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To America's everlasting shame, the Bush/Cheney regime continues to incur almost universal condemnation for its lawless and inhuman policies towards those captured/seized in Afghanistan, Iraq, and elsewhere and thrown into US-run prisons. There have been enough stories of false arrests or paid bounter hunters turning over members of rival tribes and sects as "insurgents" or "al Qaeda," to go along with those "legitimately" seized during what passes for military operations — operations which in truth are often no better than US forces breaking down the doors of Iraqi homes and seizing those suspected of resisting the American occupation. With the US occupation becoming increasingly hated by the Iraqis, the pool of potential resistance is probably growing a lot faster than US forces can arrest suspects, and the increased presence of more US troops will likely exacerbate that situation.

No one argues against the notion that in a genuine war, combatants must detain captured soldiers from the other side. But even putting aside arguments against the "legitimacy" of our wars, instead of treating even the "legitimate" detainees as prisoners of war and according them the full rights promised to such prisoners by international law, the United States continues to insist, despite universal condemnation, that its detainees deserve worse treatment than what international law guarantees to prisoners of war. The evil and self-defeating stupidity of this policy is evident to almost everyone except the Bush/Cheney regime (Gates possibly excepted) and its remaining, mindlessly loyal 30 percenters.

Nowhere is this continuing stain on America's honor doing more serious damage to our interests, our prestige and our ability to walk with pride and safety in the world than at Guantanamo, where a prison has been deliberately built to sustain the argument that it is outside the normal requirements of American law. But it is that very "extra-legal" argument, codified in the Military Commissions Act and it's "kangaroo courts" by a shameless Republican-led Congress last year, and accepted for now by an all too tolerant Supreme Court, that is fostering even worse conditions at Guantanamo.

If you tell a group of desperate men that they're in a system that is outside the law, with no meaningful recourse and no meaningful checks on the recurrence of cruel and inhuman treatment other than the whims of their jailors, you've essentially told them they have no reason to live — or no reason to fear dying. And once this is widely known by potential combatants, as it surely is, then you give them every reason to fight you to the death rather than talk or surrender.

So it should come as no surprise that there has been a recent surge in Gitmo prisoners undergoing hunger strikes, either to create enough attention to force changes or simply to kill themselves. From a late Sunday article in the New York Times:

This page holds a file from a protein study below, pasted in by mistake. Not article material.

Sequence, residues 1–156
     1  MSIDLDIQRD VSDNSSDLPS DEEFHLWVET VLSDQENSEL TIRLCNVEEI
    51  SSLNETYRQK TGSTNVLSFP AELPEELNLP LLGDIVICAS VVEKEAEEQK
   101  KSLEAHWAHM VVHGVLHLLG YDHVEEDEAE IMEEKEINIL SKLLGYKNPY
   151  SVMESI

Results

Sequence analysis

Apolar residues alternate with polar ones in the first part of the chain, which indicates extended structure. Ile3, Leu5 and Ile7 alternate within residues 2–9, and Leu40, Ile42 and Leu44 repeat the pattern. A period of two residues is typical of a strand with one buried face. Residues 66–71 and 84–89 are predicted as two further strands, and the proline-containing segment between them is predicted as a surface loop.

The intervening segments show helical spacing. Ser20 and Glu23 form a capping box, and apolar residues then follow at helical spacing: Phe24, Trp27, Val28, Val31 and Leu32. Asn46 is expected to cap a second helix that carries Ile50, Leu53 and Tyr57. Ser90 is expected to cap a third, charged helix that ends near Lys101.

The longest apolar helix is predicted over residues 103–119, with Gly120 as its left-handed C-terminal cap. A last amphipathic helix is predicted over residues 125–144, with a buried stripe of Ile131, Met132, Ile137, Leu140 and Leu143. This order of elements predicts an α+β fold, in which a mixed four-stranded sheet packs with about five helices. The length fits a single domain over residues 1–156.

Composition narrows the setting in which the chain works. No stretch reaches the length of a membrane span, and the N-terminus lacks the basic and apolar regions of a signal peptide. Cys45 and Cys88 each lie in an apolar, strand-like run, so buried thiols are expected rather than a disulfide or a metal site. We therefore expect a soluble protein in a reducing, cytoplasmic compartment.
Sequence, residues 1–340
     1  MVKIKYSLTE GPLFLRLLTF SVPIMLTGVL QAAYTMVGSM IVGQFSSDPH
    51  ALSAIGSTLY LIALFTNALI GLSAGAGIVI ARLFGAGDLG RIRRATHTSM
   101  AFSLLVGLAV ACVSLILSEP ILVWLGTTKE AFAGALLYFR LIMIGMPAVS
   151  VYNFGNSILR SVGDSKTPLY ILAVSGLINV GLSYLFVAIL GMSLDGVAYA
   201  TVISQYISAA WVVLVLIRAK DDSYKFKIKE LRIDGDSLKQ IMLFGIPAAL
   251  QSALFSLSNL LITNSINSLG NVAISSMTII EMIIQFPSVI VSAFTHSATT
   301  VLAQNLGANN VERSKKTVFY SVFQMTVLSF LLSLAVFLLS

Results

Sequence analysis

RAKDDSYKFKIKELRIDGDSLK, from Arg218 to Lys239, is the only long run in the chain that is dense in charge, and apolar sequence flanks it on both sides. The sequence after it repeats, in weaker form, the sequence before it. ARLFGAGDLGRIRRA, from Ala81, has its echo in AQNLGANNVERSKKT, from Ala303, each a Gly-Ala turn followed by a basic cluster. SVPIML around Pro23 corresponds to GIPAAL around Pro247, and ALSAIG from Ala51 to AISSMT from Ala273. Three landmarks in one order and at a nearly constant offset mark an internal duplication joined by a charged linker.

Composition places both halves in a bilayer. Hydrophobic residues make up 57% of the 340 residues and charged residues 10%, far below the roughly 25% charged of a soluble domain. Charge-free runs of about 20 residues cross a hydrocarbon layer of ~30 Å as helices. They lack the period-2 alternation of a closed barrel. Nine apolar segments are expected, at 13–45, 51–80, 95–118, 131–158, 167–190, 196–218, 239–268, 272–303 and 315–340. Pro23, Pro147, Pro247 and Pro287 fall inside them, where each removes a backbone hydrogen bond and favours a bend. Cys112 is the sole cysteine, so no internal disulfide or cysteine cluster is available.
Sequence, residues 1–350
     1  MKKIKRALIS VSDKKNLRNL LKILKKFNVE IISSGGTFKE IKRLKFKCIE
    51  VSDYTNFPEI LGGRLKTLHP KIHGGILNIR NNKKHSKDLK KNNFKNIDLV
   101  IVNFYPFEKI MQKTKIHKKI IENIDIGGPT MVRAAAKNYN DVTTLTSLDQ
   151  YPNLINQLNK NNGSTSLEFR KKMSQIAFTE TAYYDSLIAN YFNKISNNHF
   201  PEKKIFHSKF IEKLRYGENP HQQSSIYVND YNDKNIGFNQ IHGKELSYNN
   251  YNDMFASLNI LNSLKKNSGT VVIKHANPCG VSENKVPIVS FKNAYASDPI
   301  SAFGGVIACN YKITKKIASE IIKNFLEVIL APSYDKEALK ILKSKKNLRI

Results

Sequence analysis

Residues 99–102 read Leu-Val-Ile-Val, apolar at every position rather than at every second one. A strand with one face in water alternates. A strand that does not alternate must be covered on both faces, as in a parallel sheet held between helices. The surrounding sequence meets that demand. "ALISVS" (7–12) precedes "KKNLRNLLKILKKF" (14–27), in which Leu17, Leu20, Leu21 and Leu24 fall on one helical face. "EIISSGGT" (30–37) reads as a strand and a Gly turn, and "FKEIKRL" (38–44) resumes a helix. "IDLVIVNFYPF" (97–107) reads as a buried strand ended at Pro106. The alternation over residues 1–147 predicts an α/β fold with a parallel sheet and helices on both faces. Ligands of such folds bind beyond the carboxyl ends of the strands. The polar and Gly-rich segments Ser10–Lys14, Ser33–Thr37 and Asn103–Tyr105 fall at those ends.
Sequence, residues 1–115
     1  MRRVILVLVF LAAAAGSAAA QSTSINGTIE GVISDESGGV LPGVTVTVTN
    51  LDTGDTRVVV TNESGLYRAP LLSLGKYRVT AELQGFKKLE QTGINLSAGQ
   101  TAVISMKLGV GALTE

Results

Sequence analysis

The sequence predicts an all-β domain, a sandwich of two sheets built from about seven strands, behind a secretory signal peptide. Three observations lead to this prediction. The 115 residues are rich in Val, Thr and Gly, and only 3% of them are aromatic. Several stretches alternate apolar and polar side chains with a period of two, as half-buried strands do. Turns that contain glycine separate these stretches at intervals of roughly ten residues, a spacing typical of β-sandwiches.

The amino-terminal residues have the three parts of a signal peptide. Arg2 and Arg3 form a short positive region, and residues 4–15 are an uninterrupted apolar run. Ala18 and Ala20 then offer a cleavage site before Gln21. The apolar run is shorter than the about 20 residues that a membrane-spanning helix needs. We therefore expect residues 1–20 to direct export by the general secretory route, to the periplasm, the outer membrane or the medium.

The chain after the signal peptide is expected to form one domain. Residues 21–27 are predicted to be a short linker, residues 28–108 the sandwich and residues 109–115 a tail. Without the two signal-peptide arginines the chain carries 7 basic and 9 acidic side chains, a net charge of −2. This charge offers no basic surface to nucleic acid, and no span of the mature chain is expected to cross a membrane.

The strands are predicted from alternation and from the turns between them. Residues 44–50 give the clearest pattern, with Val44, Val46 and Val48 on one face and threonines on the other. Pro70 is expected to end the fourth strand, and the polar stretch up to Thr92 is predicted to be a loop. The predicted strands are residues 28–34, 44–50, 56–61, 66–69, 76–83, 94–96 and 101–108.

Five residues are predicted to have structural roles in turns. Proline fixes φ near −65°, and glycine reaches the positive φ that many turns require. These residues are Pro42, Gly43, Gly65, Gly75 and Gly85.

A new, long-term hunger strike has broken out at the American detention center at Guantánamo Bay, Cuba, with more than a dozen detainees subjecting themselves to daily force-feeding to protest their treatment, military officials and lawyers for the detainees said.
Lawyers for several hunger strikers said their clients' actions were driven by harsh conditions in a new maximum security complex to which about 160 prisoners have been moved since December.

The 13 detainees now on hunger strikes is the highest number to endure the force-feeding regimen on an extended basis since early 2006, when the military broke a long-running strike with a new policy of strapping prisoners into "restraint chairs" while they are fed by plastic tubes inserted through their nostrils. . . .

"We don't have any rights here, even after your Supreme Court said we had rights," one hunger striker, Majid al-Joudi, told a military physician, according to medical records released recently under a federal court order. "If the policy does not change, you will see a big increase in fasting." . . .

Lawyers for several detainees being held in the new maximum security complex, called Camp 6, compared it to "super-max" prisons in the United States. The major differences, they said, are that the detainees have limited reading material and no television, and that only 10 of the roughly 385 men at Guantánamo have been charged.

The Camp 6 inmates are generally locked in their 8-by-10-foot cells for at least 22 hours a day, emerging only to exercise in small wire cages and shower. Besides those exercise periods, they can talk with other prisoners only by shouting through food slots in the steel doors of their cells.

"My wish is to die," one reported hunger striker in the camp, Adnan Farhan Abdullatif, a 27-year old Yemeni, told his lawyer on Feb. 27, according to recently declassified notes of the meeting. "We are living in a dying situation."

I have no idea what these men have done, or why. Given the track record, some (perhaps many) are likely innocent; others not. But I don't care, because what they've done is not the point. This is about us, about who we are and what we stand for. No human being deserves to be treated in this manner. No government has the moral right to treat any human being this way. Under George Bush and Dick Cheney, Rumsfeld, Gonzales, Libby, Addington, Yoo, Hayes, et al, our government has become immoral, inhumane and lawless, and it needs to be changed. And those responsible should be held accountable. Enough.

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John has been writing for Firedoglake since 2006 or so, on whatever interests him. He has a law degree, worked as legal counsel and energy policy adviser for a state energy agency for 20 years and then as a consultant on electricity systems and markets. He's now retired, living in Massachusetts.

You can follow John on twitter: @JohnChandley